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The Current Age

June 1, 2019

One of the central figures in my book, “Street Song,” is a man I call Ed. He was twice my age, a serious student of reality, and he kept me grounded when I was having my toughest times on the street. I remember one day in the summer of 1976 when he came looking for me, wanting to see how I was doing and told me something that made a big impact. He said the next big thing in human history was going to be computers. He didn’t actually say it, but the implication was that computers were going to be the next big distraction to keep us from taking a clear look inside ourselves. It sounded ominous, and I think what he told me has been borne out.

 

Street Song, Street Songs, and Collapse

April 6, 2019

I’ve been making  noise about addressing at length what I see going on given the results of the 2016 election—what I’ve been calling “The Sun Sets in the West.” It’s not some new insight, but something I’ve been watching and studying all my life. I think what we’re seeing is the collapse of the old system—not just in America, but in Europe as well. When I say “system,” I mean the elaborate environment that has been created since the so-called Western Enlightenment of the 18th Century and has taken over the world—capitalism, democracy, the nation state, progress, science, and so on. It has gone as far as it can go and is contracting. To a lot of people, that sounds outrageous and demands further explanation—which is my intention. But I can’t do it right now. There are two reasons. One is that my understanding keeps changing—not in the sense of “shifting.” It’s more like, “yes, that’s all true, but that’s not half of it.” The other reason is that, quite unexpectedly, the recordings I’ve been making to supplement my book Street Song have grown far beyond my original idea. They’re demanding all my time, and I don’t like to split my attention. I will get around to detailing my ideas about the collapse of the system—I think they are quite valid, I see evidence of their truth every day—but that’s going to have to wait a little while yet. I foresee the music being finished this summer.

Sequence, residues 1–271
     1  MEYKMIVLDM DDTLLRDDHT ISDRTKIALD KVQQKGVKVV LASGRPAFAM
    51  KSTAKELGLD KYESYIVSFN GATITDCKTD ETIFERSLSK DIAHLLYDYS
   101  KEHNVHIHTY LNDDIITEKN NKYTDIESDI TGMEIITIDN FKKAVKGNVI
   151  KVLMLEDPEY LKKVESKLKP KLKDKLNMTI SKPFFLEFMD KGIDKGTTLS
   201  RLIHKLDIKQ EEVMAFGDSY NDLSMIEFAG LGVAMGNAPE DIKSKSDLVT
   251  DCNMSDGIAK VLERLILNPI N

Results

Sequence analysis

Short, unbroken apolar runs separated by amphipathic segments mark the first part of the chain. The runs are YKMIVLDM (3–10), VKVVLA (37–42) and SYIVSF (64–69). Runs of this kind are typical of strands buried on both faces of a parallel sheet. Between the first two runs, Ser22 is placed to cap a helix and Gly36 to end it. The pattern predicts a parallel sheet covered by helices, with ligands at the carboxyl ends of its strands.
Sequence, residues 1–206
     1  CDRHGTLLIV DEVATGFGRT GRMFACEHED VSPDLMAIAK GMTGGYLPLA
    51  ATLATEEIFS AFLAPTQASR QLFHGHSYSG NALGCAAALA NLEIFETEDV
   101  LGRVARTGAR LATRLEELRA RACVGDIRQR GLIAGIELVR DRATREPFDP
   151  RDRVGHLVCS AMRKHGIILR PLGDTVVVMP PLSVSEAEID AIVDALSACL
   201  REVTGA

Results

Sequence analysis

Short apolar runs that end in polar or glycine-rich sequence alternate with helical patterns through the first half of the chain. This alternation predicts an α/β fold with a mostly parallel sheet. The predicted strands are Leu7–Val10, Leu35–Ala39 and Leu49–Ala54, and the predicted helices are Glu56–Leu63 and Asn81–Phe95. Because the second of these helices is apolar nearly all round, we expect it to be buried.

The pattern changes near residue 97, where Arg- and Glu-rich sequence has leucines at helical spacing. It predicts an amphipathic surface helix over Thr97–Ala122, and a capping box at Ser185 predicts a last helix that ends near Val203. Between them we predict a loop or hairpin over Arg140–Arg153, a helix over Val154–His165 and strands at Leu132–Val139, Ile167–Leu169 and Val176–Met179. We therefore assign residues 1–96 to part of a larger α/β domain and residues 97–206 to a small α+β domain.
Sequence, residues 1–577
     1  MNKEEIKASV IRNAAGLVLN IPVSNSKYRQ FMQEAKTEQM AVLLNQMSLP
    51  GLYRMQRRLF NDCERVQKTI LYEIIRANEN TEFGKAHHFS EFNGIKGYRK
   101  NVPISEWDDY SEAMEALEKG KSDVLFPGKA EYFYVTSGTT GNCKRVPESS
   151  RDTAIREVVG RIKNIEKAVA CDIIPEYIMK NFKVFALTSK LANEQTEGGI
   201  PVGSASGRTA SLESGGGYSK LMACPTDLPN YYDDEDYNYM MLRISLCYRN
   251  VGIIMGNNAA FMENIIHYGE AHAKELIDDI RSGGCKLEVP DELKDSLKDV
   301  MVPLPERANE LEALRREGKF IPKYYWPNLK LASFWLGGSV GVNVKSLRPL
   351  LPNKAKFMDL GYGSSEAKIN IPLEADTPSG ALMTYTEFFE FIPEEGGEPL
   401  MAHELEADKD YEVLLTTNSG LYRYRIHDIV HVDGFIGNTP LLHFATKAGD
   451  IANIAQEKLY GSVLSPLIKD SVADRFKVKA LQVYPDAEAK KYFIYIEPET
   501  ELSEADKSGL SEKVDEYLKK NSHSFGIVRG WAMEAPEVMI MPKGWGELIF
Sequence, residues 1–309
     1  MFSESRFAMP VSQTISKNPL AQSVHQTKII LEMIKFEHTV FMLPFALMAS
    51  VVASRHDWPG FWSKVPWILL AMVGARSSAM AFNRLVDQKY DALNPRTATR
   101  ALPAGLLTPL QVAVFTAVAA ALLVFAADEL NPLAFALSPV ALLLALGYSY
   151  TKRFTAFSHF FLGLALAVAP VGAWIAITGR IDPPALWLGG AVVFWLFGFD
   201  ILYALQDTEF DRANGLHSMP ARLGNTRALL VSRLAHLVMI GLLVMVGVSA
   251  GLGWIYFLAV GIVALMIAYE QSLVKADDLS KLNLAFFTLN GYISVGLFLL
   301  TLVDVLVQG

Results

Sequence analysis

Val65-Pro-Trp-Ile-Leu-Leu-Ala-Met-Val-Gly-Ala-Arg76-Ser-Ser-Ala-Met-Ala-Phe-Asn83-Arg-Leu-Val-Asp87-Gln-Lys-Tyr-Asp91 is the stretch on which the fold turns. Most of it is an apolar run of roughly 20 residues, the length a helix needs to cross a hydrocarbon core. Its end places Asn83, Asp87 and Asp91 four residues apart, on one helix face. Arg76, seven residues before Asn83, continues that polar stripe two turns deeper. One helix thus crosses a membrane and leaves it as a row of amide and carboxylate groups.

The Sun Sets in the West #6

February 21, 2019

I saw this comment yesterday. I’m not the only one who sees this going on. I think the observation here is entirely accurate.

The big institutions of church, state and business that have made things work for the last 2000 years are dead. They haven’t fallen apart quite yet, but the process of decay is fairly advanced. …If the Democrats continue to ignore this reality, the result will be a pretty violent spasm of the body politic.

The Sun Sets in the West #5: Changing Course

February 18, 2019